Risks of Not Having a Will: What You Need to Know

by  Adv. Umapathi Natarajan  




3 mins


not having a will

The path to inheritance is generally paved with bad ‘Will’ tales all over the world. ‘Will planning,’ at least in India, is still not considered a component of financial management. Not having a will is a general problem that should be changed and people need to realize the implications of not having a will.

But, before we go into the implications of not having a Will or failing to plan for one, let us first define what a Will is. 

What is the definition of a Will?

It is a legal document that identifies the individual(s) who will inherit a person’s property and assets following his or her death. There are certain disadvantages of not having a will. 

What is the importance of will planning?

Will preparation is critical since the document always serves as an inventory of the deceased’s assets. A well-written and straightforward Will helps to avoid disputes among the natural heirs. Also, if a person wishes to pass his or her money to someone other than his or her natural heirs, he can do so by making a will. Therefore, having a will that is registered is always better than not having a will. 

If a person is not having a will, then the distribution of the property will be done in accordance with the laws. It prevents intestate succession and reduces family conflict. 

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Will registration

A Will can be written on plain paper and is fully appreciated even if it is not registered, i.e. it is not required by law to be registered. That does not, however, restrict a person from registering the same in order to dispel any suspicions about its authenticity. Will registration is not compulsory.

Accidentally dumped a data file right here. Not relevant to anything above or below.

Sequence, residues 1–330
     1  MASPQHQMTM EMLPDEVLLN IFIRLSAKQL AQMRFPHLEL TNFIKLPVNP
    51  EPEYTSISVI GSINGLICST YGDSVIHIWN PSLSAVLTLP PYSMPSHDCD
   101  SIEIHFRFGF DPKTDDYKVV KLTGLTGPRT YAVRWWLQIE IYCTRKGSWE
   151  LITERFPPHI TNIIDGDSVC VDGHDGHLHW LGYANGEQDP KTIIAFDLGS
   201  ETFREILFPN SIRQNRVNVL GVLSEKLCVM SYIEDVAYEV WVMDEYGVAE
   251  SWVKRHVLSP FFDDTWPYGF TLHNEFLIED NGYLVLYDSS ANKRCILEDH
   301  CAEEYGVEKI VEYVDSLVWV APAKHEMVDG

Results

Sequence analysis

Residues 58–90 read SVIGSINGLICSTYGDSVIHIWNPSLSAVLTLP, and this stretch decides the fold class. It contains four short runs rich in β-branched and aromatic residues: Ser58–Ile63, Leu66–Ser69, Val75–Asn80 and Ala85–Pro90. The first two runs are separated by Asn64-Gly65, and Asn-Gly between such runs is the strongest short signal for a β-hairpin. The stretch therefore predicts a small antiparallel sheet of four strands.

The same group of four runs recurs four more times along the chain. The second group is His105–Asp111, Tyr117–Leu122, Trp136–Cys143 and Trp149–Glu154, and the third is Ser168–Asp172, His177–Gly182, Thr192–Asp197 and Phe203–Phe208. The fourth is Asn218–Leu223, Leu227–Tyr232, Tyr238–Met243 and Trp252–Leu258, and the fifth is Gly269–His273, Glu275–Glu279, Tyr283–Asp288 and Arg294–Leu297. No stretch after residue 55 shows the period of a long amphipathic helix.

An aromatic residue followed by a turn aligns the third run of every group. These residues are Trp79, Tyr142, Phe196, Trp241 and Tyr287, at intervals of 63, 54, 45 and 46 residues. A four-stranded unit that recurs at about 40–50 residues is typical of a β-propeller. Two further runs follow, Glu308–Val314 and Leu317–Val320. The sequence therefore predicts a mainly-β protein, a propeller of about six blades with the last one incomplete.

If you want your Will certified, you must go to the sub registrar’s office with witnesses. There are sub-registrars for several districts, and one must inquire about the one who would assist in the registration process at the relevant office.

The Consequences of Not Planning Ahead: Why Having a Will Matters

What are the risks of not having a will?

The most common estate planning blunder is ‘not having a will’. Families of the deceased are likely to face a great deal of hardship if they do not have a formal will in place. To claim the money left to them, the heirs may have to spend more time and incur more expenditures. 

In addition, not having a will may result in an unfavorable (from the deceased’s perspective) distribution of assets, since when a person dies and he/she is not having a will then, his/her estate is distributed according to the deceased’s religious succession rules.

Hindu law

The Hindu Succession Act applies to Hindus, Buddhists, Jain, and Sikhs. In the event that a Hindu man dies without having a will, his property shall pass to his Class I heirs.   

  • Sons.
  • Daughters.
  • Widow.
  • Mother.
  • Son of a predeceased son.
  • Daughter of a predeceased son.
  • Son of a predeceased daughter.
  • Daughter of a predeceased daughter.

If none of these exist, they will be passed down to Class II heirs in case of not having a will; 

  • Father.
  • Son’s daughter’s son.
  • Son’s daughter’s daughter.
  • Brother.
  • Sister.
  • Daughter’s son’s son.
  • Daughter’s son’s daughter.